Posted by lex, on September 22, 2009
When I was a junior officer, and one or another policy that we’d perceived as idiotic came down the pipe, we used to dream of some theoretical flag officer that would throw his stars on the table in protest. The Stan Arthur case comes to mind, a damned fine warfighter tossed overboard for political purposes. Feelings were running high in the early 90s, and it was the opinion of many of us that CNO Jeremy Boorda ought to have stood up to the witch hunt, and placed his own career on the line. I think he might have felt that way too before he took his own life. For other reasons, ostensibly.
But those kinds of things are all as dust and air compared to winning a war the nation has committed forces to, or else bleeding the ground forces drop by drop with no prospect of success. With that in mind, this story makes sense. It may even prove true:
Within 24 hours of the leak of the Afghanistan assessment to The Washington Post, General Stanley McChrystal’s team fired its second shot across the bow of the Obama administration. According to McClatchy, military officers close to General McChrystal said he is prepared to resign if he isn’t given sufficient resources (read “troops”) to implement a change of direction in Afghanistan…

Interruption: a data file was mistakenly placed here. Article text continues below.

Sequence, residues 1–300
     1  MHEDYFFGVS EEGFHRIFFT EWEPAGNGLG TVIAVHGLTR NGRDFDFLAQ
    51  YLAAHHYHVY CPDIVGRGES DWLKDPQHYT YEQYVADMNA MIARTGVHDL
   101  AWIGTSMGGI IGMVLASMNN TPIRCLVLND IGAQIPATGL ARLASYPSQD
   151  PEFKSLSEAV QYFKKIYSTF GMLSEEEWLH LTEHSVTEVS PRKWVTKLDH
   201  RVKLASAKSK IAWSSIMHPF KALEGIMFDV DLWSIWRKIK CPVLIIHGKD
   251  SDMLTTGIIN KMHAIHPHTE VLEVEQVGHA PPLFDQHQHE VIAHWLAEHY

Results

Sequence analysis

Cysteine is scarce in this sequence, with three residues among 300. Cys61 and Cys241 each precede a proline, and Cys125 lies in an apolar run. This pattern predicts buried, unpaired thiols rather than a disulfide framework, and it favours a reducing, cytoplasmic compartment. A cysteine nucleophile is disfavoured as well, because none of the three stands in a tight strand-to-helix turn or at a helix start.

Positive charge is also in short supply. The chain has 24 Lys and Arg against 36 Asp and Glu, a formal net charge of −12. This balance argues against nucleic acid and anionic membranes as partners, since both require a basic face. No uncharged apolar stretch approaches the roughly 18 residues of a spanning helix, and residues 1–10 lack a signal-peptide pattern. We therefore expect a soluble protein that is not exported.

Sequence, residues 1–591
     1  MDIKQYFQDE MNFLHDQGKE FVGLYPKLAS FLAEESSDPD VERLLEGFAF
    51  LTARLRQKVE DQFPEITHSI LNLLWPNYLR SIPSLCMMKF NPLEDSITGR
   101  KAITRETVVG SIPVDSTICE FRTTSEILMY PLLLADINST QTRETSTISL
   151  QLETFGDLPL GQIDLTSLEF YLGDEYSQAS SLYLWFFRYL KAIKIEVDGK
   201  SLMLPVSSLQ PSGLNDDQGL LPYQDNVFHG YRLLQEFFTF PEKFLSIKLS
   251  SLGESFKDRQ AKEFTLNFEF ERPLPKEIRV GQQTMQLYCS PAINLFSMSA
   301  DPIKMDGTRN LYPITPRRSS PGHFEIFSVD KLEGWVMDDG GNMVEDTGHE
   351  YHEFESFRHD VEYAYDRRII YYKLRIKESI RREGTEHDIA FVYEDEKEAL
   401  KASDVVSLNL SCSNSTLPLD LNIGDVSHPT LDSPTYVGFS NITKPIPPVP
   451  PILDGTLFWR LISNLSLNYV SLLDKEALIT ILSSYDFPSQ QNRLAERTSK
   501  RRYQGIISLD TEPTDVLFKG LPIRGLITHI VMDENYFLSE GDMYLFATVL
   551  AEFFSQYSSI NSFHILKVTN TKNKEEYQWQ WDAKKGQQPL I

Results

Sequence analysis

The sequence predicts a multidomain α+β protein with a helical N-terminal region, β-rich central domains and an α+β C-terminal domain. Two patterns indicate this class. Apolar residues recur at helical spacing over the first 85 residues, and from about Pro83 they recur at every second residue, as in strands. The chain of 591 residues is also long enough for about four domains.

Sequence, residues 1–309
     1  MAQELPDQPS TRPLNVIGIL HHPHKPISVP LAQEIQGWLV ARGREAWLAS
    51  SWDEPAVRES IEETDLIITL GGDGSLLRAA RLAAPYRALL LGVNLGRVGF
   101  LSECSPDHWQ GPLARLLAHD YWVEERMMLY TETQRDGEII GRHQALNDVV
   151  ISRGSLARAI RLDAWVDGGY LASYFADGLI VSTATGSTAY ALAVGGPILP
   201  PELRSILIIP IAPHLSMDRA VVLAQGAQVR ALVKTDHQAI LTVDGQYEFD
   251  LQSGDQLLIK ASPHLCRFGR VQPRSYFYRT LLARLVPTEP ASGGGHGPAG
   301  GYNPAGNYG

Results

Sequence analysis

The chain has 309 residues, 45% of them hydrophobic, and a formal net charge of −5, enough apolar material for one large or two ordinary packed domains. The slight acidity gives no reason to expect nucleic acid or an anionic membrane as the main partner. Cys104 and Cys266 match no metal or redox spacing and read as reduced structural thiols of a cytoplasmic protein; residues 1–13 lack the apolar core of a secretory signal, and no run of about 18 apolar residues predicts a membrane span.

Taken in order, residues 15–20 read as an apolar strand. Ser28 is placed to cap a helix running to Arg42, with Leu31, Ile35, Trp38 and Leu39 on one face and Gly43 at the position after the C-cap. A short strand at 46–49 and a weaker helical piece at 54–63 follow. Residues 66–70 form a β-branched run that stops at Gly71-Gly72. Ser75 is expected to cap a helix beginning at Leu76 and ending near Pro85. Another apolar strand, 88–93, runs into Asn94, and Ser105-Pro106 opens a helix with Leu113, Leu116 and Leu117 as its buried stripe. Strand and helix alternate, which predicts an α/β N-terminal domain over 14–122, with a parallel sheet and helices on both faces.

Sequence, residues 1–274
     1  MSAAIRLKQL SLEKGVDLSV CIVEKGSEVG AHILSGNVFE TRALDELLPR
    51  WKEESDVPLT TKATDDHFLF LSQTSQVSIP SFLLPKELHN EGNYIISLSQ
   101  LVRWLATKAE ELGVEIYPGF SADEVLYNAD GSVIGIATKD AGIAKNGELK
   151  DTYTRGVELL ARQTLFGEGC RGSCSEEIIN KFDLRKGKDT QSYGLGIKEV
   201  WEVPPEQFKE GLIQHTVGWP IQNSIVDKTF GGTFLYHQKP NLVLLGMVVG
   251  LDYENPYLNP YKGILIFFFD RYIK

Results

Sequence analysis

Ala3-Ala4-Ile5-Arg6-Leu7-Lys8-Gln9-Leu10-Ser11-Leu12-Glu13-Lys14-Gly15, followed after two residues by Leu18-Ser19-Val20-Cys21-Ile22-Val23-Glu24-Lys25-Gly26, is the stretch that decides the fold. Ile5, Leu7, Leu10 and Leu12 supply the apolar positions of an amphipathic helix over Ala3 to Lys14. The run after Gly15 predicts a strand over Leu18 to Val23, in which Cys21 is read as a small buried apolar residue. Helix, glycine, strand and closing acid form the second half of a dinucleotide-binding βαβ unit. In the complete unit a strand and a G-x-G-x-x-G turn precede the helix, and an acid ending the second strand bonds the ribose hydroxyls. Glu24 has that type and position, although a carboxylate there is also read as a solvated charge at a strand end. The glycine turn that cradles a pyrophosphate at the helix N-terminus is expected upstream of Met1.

If it’s true, as I’ve heard whispering, that the Pentagon has been sitting on McChrystal’s request for forces for weeks now without comment, without even asking further questions, frustrations must be getting high in the forward HQ, where good men are dying every day even as victory slips through our hands.
Some would argue that it’s no role of the forward commander to intervene in the decision making process at the National Command Authority level, that it’s wrong for him to inject himself into what is essentially the policy maker’s purview. But no decision is a decision in favor of the status quo, and if a forward commander cannot entirely commit himself to that decision, nor convince his leadership to support his strategy then he owes it to everyone to step aside.
After all, there will always be another man found willing to fiddle while Afghanistan burns.